Hon Murray McCully: Given that the evaluation framework for Te Puni Kōkiri’s capacity-building programme provides for the organisation that has received the grant to evaluate its own performance—a process that the document calls “an empowerment evaluation”, can the Minister explain how he expects any of those projects to be assessed with any objectivity?
Hon PAREKURA HOROMIA: I remind that person that there are two parts to that evaluation: those in the sense of over $2,000 allocations and those of under $2,000 allocations. It is important to say that as part and parcel of the evaluation it is important that the community is involved, along with the ministry and other officials.
Mahara Okeroa: What is the purpose of capacity building?
Hon PAREKURA HOROMIA: It has long been needed in this country. Capacity building is a programme that seeks to build the strategy, structure, systems, and skills of whānau, hapū, iwi, Māori organisations, and Māori communities, to control and undertake their own development, and to achieve their own objectives.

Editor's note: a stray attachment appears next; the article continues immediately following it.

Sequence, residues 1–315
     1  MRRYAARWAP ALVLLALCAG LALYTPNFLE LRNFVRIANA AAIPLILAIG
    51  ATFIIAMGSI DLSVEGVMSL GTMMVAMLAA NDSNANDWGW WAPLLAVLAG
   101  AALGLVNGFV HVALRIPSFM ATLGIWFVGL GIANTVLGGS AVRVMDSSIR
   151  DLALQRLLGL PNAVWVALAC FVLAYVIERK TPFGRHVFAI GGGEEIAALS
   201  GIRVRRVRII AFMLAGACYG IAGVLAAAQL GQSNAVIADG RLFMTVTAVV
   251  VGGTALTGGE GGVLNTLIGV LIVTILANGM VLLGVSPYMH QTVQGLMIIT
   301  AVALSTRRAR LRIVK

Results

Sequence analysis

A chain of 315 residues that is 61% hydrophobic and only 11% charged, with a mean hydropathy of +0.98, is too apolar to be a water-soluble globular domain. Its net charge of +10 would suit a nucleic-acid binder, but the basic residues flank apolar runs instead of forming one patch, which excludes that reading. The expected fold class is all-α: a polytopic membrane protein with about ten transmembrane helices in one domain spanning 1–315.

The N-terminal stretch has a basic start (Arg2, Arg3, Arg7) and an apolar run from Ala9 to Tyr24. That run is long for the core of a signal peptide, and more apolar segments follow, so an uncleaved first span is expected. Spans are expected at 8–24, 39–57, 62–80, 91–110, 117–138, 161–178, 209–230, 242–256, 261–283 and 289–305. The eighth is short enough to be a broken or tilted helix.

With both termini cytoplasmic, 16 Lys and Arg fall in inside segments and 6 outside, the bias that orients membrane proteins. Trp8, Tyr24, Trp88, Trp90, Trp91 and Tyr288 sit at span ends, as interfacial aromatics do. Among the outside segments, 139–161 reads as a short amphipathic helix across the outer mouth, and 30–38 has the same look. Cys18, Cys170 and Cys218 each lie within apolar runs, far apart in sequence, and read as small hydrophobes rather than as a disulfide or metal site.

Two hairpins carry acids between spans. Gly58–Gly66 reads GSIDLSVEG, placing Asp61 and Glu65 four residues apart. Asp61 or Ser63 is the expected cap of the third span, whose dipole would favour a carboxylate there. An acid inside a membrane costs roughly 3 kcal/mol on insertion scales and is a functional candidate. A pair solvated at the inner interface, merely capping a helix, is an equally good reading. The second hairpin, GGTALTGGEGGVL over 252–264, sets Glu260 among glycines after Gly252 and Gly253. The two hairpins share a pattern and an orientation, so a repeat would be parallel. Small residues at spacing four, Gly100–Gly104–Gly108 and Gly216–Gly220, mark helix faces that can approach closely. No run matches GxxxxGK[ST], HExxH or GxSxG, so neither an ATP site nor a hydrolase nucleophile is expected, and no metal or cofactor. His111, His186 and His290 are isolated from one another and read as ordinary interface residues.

Rodney Hide: To assist in this innovative technique of self-monitoring and self-evaluation, will he question his executive assistant who, courtesy of a Te Puni Kōkiri capacity-building grant, had an all-expenses-paid trip to attend a training wānanga in Auckland, where, at the morning training session on “admin finances contracts”, Māori Sportscasting International explained how sportscasters are paid under the counter through their TAB accounts to avoid tax; if not, why not?